Beautiful – The Carol King Musical
Theatre Royal Bath Productions and Mayflower Theatre present the Curve production
Beautiful: The Carole King Musical is a superb extravaganza charting Carole King’s rise to fame in the '60s and '70s while providing an opportunity for older members of the audience to revisit the music of their youth and the young to discover and appreciate a remarkable talent.
The narrative line takes us from King’s early encounter with music publisher Donnie Kirshner who starts her on the road to success, her association and marriage to lyricist Gerry Goffin, long friendship with rivals Cynthia Weil and Barry Mann, gradual breakdown of the marriage with Goffin and development as a singer as well as composer.
Each episode in her life is accompanied by a familiar song: "It might as Well Rain Until September" at the start of her career; "Take Good Care of My Baby" after the birth of her child; "You’ve Lost That Loving Feeling" and "Will you Love Me Tomorrow" when the marriage is breaking up through to a declaration of independence in the much later "You Make Me Feel Like a Natural Woman" when she moves to San Francisco.
Every member of the talented company contributes to the instrumental content and sings and dances with energy and enthusiasm. Molly-Grace Cutler is a charmingly modest Carole who fleshes out the emotional range of the role, accompanies herself on the piano and sings powerfully or plaintively as the songs require. Tom Milner, as Goffin, the villain of the piece, explores a complicated character, an ambitious but weak man who is easily stressed, thrashes out when frustrated and ultimately succumbs to depression.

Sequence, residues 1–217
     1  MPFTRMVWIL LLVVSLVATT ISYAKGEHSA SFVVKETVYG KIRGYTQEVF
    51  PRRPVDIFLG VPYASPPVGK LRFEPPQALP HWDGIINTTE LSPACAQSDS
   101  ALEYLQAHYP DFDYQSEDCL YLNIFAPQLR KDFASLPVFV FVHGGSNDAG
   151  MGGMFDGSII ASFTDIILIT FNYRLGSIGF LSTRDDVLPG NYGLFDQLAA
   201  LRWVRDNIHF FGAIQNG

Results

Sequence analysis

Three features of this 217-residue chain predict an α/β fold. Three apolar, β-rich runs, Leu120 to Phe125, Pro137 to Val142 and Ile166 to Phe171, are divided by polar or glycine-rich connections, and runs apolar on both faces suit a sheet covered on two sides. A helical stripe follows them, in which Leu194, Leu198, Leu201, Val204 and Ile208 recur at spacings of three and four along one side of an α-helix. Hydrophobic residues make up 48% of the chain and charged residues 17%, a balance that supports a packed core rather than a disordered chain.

In contrast, the secondary couple, Cynthia and Barry, while not without their problems, add a lighter touch and some humour to the performance. Jos Slovik is Barry, an anxious hypochondriac, which provides some amusement, but musically an excellent singer who also plays guitar, bass and keys. Cynthia is played by Seren Sandham-Davies, a lively and attractive performance which shows off her dance skills and a powerful singing voice. She plays trumpet and guitar in the company sequences.
Important support is given by Garry Robson as Donnie (percussion) and Claire Greenway as Carole’s mother Genie, who finds the comic potential in role as well as playing keys and saxophone.
As the narrative proceeds, we meet the various groups who sing the compositions that Carole writes. These include The Shirelles, The Drifters and Swing. These groups are performed by members of the company suitably dressed in costumes of the day and add an exciting dimension to the whole.
The set by Frankie Bradshaw is a large, open area representing a recording studio or performance venue which provides plenty of space for the company dance routines (choreographer Leah Hill) and is subdivided at intervals to create smaller sets for domestic or office spaces. Director Nikolai Foster draws the whole together with consummate skill.
It is impressive to see so much talent on display and a company with such ability and varied musical and acting capability. A thrilling theatrical experience, especially for the many fans who attended.
Reviewer: Velda Harris